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The North Wind

The North Wind

The North Wind

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Katarina Rothhorn
Katarina Rothhorn
Features Writer

The first message I ever sent from my Northern Michigan University sanctioned email was to the editor-in-chief of the North Wind asking if there was any way I could join the staff. Classes hadn't even...

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The North Wind is an independent student publication serving the Northern Michigan University community. It is partially funded by the Student Activity Fee. The North Wind digital paper is published daily during the fall and winter semesters except on university holidays and during exam weeks. The North Wind Board of Directors is composed of representatives of the student body, faculty, administration and area media.

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From mountains to mortarboard and back again

Phil Watts pioneered the exercise science graduate program at NMU and the sports science undergraduate degree as well. He brought part of an Everest summit team to campus in 1983 for high-altitude research. He pushed for the installation of the first rock-climbing wall in the PEIF, and the subsequent upgrades and renovations that have led to the PEIF’s current climbing

So, as the question has been posed a handful of times now: Just who is this Watts character?

Watts graduated first from East Carolina University with his B.S. and M.A., then earned his Ph.D. from the University of Maryland. But his beginning wasn’t in exercise science or physiology; it was in music.

Watts played the trumpet at a very high level and planned to study music in college, but when he found himself competing with kids who were in the London Symphony, he decided to pursue other passions to preserve his own sanity.

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“People think I grew up in rock climbing,” Watts said, “but honestly I grew up as a trumpet player. That’s what’s great about these lifelong passions; I don’t have to be a professional musician to play music all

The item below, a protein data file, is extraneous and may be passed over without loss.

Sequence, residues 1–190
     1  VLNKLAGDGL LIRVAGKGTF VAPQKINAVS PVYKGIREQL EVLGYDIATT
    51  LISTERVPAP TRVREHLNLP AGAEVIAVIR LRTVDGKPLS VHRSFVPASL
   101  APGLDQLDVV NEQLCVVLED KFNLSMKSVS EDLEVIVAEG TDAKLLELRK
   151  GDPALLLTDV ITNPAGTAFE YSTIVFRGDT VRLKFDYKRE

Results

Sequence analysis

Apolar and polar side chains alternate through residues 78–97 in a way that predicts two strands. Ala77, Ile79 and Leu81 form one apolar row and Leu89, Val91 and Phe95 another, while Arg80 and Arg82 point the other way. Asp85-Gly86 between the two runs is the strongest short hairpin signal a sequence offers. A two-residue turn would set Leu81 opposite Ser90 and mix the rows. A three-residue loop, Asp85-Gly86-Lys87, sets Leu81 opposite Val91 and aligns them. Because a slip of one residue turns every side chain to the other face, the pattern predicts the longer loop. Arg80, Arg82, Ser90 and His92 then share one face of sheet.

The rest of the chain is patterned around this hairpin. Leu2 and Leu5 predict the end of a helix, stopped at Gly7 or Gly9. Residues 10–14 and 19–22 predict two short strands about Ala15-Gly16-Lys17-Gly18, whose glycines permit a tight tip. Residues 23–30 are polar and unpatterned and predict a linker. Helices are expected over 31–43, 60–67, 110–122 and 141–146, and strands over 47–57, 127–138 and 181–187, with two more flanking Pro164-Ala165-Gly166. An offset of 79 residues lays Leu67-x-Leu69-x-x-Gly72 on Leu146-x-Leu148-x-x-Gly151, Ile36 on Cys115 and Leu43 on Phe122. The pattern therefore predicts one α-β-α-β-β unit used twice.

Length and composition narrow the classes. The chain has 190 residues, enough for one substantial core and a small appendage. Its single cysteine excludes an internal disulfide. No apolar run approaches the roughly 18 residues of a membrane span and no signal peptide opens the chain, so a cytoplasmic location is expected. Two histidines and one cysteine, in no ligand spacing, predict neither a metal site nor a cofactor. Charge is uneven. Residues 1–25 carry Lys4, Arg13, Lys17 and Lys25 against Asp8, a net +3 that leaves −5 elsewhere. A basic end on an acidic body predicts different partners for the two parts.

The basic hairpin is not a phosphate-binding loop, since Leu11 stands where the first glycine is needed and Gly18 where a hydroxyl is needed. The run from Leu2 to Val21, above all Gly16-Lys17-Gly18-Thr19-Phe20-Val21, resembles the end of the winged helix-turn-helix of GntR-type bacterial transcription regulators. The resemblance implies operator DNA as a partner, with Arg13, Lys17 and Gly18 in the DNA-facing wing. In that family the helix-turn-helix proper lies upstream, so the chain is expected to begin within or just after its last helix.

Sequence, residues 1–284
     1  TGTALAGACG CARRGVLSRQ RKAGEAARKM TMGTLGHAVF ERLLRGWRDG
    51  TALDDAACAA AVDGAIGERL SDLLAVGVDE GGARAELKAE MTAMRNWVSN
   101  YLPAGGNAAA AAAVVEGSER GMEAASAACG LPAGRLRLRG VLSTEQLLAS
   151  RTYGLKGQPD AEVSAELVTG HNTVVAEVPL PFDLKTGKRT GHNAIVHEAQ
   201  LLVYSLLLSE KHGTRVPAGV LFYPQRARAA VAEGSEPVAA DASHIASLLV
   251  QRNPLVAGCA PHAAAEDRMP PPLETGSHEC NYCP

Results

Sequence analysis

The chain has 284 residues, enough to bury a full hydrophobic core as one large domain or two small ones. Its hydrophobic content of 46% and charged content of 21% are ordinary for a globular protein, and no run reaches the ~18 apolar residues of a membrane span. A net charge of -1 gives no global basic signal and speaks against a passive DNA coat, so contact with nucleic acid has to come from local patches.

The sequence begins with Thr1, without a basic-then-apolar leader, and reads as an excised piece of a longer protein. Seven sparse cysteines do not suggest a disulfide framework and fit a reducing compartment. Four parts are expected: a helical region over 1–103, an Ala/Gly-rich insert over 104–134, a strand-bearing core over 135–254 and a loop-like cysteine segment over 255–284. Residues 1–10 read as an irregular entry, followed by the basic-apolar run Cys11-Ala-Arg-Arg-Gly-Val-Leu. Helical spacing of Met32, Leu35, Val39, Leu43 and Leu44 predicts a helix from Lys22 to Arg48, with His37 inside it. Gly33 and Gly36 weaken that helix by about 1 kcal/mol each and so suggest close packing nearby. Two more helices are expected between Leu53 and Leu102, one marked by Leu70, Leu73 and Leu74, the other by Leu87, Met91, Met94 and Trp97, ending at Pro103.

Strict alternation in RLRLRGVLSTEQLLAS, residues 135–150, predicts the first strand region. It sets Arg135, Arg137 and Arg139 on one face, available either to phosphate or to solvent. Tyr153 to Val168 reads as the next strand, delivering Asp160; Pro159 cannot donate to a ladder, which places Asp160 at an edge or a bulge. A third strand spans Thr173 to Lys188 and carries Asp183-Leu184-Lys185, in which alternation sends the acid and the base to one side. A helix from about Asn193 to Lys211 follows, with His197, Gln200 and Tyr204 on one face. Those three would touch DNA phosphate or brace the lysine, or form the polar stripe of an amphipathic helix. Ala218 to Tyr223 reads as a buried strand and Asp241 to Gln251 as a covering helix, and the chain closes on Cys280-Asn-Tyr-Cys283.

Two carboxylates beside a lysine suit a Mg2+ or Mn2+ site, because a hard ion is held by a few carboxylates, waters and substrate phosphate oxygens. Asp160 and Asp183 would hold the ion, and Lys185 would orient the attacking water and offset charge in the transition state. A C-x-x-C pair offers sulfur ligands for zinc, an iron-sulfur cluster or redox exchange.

my life.”

He drew a comparison to outdoor athletes, such as runners, climbers, cyclists and so on; we can do work that satisfies us, Watts says, and we can play. The two don’t have to be one and the same—they just have to coexist.

But as many tend to wonder about Marquette transplants, how did this professor-to-be leave the balmy east coast to inhabit these brisk northern climes?

“My wife and I drove up here from Maryland in the winter of 1978, in the calm between two snow storms,” Phil Watts said of his beginnings on NMU’s faculty.

Watts is currently the longest-term professor on campus, but not for much longer; after teaching for nearly four decades, the winter of 2016 will be his final semester.

“I’ve been here for over 37 years now,” Watts said. “We (he and his wife) came here with a two-year plan, just to build our resumés and head back to the east coast. But within a month of arriving we met a group of people who showed us how to play. They introduced us to skiing, snowshoeing, winter camping—we fell in love with Marquette. It was maybe a couple of months into our ‘two-year plan’ when we decided we wanted to stay.”

He and his wife worked with groups of kids through 4H in a program called “Toon Busters,” advocating kids getting outside on Saturday mornings rather than sitting inside watching TV. Watts ran the program for more than 20 years before handing
it off.

Watts walks every day from his home, which is a short distance from Econo Foods, across town to his office at the PEIF.

“I actually drive past him a lot of mornings, on the way to work myself,” Maggy Moore, an associate professor in the athletic training department, said of Watts. She also related the story of a time when Watts was laid up with a back injury; an exchange student of his, from India, took a bus across town on a brutally cold winter day to deliver some homemade soup to the professor. “That’s how Phil has always been,” Moore said. “He has always gone above and beyond, and earned a lot of respect from his students.”

Scott Drum, professor of sports science, first learned of Watts long before Drum ever considered coming to NMU. In 2010 Drum was teaching in Colorado and writing a book chapter about rock climbers as athletes, and Phil Watts’ name just kept coming up.

“Watts was the preeminent researcher in rock climbing during the 1980s,” Drum says of his elder, whom he has conducted research with.

Watts has presented his work and research findings at national and international conferences through the years, taking his climbing and mountaineering gear wherever he goes.

“I’ve gotten to climb in Spain, in England and all over the U.S., just traveling to conferences,” Watts said with a grin.
“It’s great.”

His garage, it’s been said, is wallpapered with scientific diagrams and conference posters. Wherever there aren’t hand and foot holds, that is; Watts has an indoor bouldering wall installed, right next to where he parks
the car.

So for a guy who’s been a fixture on NMU’s campus and in the field of exercise science for decades… what’s next?

“People ask me what I’m doing after I’m done teaching, where I’m going to retire to—” he threw up his hands at this question. “Move? I’m not going to move. Marquette is great, just about everything I love is here. I’m not going anywhere.”

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